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Antibiotic knowledge, attitudes, and practices: new insights from cross-sectional rural health behaviour surveys in low- and middle-income South-East Asia

Haenssgen, M., Charoenboon, N., Zanello, G., Mayxay, M., Reed-Tsochas, F., Lubell, Y., Wertheim, H., Lienert, J., Xayavong, T., Khine Zaw, Y., Thepkhamkong, A., Sithongdeng, N., Khamsoukthavong, N., Phanthavong, C., Boualaiseng, S., Vongsavang, S., Wibunjak, K., Chai-In, P., Thavethanutthanawin, P., Althaus, T. , Greer, R., Nedsuwan, S., Wangrangsimakul, T., Limmathurotsakul, D., Elliott, E. and Ariana, P. (2019) Antibiotic knowledge, attitudes, and practices: new insights from cross-sectional rural health behaviour surveys in low- and middle-income South-East Asia. BMJ Open, 9 (8). e028224. ISSN 2044-6055

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To link to this item DOI: 10.1136/bmjopen-2018-028224


Introduction: Low- and middle-income countries (LMICs) are crucial in the global response to antimicrobial resistance (AMR), but diverse health systems, healthcare practices, and cultural conceptions of medicine can complicate global education and awareness-raising campaigns. Social research can help understand LMIC contexts but remains underrepresented in AMR research. Objective: To (1) describe antibiotic-related knowledge, attitudes, and practices of the general population in two LMICs and to (2) assess the role of antibiotic-related knowledge and attitudes on antibiotic access from different types of healthcare providers. Design: Observational study: cross-sectional rural health behaviour survey, representative on the population level. Setting: General rural population in Chiang Rai (Thailand) and Salavan (Lao PDR), surveyed between November 2017 and May 2018. Participants: 2141 adult members (≥18 years) of the general rural population, representing 712,000 villagers. Outcome measures: Antibiotic-related knowledge, attitudes, and practices across sites and healthcare access channels. Findings: Villagers were aware of antibiotics (Chiang Rai: 95.7%; Salavan: 86.4%; p<0.001) and drug resistance (Chiang Rai: 74.8%; Salavan: 62.5%; p<0.001), but the usage of technical concepts for antibiotics was dwarfed by local expressions like “anti-inflammatory medicine” in Chiang Rai (87.6%; 95% confidence interval [CI]: 84.9–90.0) and “ampi” in Salavan (75.6%; 95% CI: 71.4–79.4). Multivariate linear regression suggested that attitudes against over-the-counter antibiotics were linked to 0.12 additional antibiotic use episodes from public healthcare providers in Chiang Rai (95% CI: 0.01 – 0.23) and 0.53 in Salavan (95% CI: 0.16 – 0.90). Conclusions: Locally specific conceptions and counter-intuitive practices around antimicrobials can complicate AMR communication efforts and entail unforeseen consequences. Overcoming “knowledge deficits” alone will therefore be insufficient for global AMR behaviour change. We call for an expansion of behavioural AMR strategies towards “AMR-sensitive interventions” that address context-specific upstream drivers of antimicrobial use (e.g. unemployment insurance) and complement education and awareness campaigns.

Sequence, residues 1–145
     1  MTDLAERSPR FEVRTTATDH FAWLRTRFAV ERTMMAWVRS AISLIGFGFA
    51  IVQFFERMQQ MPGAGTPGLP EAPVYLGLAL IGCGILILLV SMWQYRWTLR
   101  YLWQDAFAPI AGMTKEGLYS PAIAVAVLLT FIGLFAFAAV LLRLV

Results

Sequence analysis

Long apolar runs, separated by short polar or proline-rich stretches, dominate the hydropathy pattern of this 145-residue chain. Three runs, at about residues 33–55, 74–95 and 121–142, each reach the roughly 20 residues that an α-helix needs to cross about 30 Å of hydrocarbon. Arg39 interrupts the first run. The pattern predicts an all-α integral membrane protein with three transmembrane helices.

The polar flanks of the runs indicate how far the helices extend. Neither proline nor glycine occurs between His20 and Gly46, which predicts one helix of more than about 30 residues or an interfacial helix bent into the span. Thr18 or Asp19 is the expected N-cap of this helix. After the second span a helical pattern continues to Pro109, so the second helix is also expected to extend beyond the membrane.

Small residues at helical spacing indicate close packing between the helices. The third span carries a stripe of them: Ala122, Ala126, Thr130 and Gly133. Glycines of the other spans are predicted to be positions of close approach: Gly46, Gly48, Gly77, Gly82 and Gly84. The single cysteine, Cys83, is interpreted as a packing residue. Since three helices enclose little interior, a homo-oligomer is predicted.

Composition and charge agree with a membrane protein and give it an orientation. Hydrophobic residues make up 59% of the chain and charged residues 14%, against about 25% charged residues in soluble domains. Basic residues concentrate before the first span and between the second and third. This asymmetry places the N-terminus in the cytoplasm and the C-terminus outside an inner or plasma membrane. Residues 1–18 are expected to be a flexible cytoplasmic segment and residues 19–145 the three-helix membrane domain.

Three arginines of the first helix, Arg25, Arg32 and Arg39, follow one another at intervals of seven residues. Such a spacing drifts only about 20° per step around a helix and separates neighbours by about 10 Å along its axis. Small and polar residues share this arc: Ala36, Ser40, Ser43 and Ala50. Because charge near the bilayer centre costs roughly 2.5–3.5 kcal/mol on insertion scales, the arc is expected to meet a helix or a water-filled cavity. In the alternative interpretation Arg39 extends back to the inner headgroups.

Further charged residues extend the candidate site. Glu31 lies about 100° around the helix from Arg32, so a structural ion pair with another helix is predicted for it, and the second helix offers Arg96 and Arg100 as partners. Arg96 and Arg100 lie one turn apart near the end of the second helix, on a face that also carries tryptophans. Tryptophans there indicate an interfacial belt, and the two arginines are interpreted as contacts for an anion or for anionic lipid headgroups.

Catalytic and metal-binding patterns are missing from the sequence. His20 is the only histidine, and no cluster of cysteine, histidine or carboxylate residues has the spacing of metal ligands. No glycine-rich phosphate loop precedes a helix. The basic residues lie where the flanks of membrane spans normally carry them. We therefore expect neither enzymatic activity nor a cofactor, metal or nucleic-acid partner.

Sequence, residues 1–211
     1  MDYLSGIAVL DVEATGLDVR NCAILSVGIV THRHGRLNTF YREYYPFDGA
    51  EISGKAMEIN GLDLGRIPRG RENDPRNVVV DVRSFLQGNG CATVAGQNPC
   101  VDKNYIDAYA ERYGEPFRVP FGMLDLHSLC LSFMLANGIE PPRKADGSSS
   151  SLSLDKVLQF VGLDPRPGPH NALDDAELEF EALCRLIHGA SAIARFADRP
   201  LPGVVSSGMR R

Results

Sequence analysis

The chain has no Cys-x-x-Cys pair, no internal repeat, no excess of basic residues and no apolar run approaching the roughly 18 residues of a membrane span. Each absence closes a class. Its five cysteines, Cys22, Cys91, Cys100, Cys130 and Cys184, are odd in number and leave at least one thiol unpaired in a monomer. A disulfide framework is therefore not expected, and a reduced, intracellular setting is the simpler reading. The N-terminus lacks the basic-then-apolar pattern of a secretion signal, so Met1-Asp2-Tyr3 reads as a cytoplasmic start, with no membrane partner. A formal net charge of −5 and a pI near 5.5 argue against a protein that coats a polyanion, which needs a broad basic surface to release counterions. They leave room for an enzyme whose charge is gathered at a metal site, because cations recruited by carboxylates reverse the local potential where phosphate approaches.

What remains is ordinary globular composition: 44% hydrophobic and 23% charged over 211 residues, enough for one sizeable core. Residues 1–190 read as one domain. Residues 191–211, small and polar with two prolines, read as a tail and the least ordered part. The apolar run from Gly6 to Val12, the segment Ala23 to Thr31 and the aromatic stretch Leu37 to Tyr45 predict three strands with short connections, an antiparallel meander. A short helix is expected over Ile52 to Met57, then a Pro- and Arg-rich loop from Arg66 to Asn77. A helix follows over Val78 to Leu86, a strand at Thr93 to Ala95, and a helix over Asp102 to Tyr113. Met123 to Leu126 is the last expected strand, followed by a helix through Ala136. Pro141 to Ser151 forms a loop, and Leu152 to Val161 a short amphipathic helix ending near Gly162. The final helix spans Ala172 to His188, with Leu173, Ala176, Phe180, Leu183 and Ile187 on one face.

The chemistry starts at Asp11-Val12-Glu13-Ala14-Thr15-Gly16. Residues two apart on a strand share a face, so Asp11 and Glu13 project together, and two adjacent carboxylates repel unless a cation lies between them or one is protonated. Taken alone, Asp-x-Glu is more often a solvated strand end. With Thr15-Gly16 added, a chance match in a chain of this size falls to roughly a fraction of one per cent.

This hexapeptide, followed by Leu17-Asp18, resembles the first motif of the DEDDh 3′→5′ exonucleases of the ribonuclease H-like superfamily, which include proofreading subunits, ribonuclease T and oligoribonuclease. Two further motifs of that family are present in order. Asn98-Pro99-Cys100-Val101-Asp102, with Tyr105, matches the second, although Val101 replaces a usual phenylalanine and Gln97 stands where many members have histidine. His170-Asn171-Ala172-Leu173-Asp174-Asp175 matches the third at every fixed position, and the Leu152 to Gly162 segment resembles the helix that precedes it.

Item Type:Article
Divisions:Life Sciences > School of Agriculture, Policy and Development > Department of Agri-Food Economics & Marketing
ID Code:85322
Publisher:BMJ Group


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